The Impact of Counterfactual Mindset on Consumer Information Processing

Guangzhi Zhao, University of Kansas, USA
Kai-Yu Wang, Brock University, Canada
Counterfactual thinking is the process of looking back at events and thinking how things could have turned out differently. Whenever individuals consider how the past might have turned out differently, they are engaging in counterfactual thinking. We propose that consumers’ preference for product feasibility and desirability will be moderated by counterfactual thinking (vs. control). Specifically, consumers’ preference for product feasibility will be boosted after going through counterfactual thinking in an unrelated domain. The results from three experiments under different contexts supported our hypotheses.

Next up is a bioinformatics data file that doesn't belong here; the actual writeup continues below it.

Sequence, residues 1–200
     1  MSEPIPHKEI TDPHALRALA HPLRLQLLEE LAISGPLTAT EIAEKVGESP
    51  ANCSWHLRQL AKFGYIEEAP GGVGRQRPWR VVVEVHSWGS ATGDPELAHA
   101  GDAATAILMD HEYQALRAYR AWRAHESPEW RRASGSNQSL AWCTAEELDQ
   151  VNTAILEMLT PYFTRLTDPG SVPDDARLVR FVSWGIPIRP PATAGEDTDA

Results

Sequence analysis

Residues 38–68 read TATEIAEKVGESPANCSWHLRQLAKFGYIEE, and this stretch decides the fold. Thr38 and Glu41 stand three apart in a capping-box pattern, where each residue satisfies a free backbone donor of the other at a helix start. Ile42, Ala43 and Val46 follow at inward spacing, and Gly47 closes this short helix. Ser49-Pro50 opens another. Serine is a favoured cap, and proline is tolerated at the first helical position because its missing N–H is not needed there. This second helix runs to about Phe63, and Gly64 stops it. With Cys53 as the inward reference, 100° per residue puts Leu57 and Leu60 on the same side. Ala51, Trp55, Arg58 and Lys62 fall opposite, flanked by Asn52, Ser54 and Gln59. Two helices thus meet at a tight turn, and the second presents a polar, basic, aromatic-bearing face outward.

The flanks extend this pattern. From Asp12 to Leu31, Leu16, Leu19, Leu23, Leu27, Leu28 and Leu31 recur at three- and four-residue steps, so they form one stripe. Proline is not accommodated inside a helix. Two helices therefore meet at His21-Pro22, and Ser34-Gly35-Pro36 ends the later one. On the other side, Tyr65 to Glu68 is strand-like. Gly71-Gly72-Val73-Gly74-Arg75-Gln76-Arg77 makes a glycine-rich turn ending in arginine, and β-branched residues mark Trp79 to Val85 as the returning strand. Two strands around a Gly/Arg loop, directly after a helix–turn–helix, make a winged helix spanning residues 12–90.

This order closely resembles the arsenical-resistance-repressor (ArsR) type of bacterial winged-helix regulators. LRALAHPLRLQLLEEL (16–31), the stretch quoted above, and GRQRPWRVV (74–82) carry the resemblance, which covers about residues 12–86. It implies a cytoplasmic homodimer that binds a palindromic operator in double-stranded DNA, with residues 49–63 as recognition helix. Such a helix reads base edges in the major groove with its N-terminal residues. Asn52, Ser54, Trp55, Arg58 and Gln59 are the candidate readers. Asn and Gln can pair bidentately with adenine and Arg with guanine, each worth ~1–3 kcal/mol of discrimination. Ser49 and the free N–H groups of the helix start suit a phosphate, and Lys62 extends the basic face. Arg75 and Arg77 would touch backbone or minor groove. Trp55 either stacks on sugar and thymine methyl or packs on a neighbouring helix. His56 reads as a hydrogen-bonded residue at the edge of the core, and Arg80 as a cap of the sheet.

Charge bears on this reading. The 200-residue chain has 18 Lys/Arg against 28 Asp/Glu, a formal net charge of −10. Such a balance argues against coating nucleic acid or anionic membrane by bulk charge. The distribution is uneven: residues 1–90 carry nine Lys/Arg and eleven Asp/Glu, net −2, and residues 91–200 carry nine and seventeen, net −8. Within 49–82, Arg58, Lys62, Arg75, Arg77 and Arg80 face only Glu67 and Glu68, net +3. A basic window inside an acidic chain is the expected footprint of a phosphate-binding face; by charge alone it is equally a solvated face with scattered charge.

[ to cite ]:
Guangzhi Zhao and Kai-Yu Wang (2011) ,"The Impact of Counterfactual Mindset on Consumer Information Processing", in NA - Advances in Consumer Research Volume 38, eds. Darren W. Dahl, Gita V. Johar, and Stijn M.J. van Osselaer, Duluth, MN : Association for Consumer Research.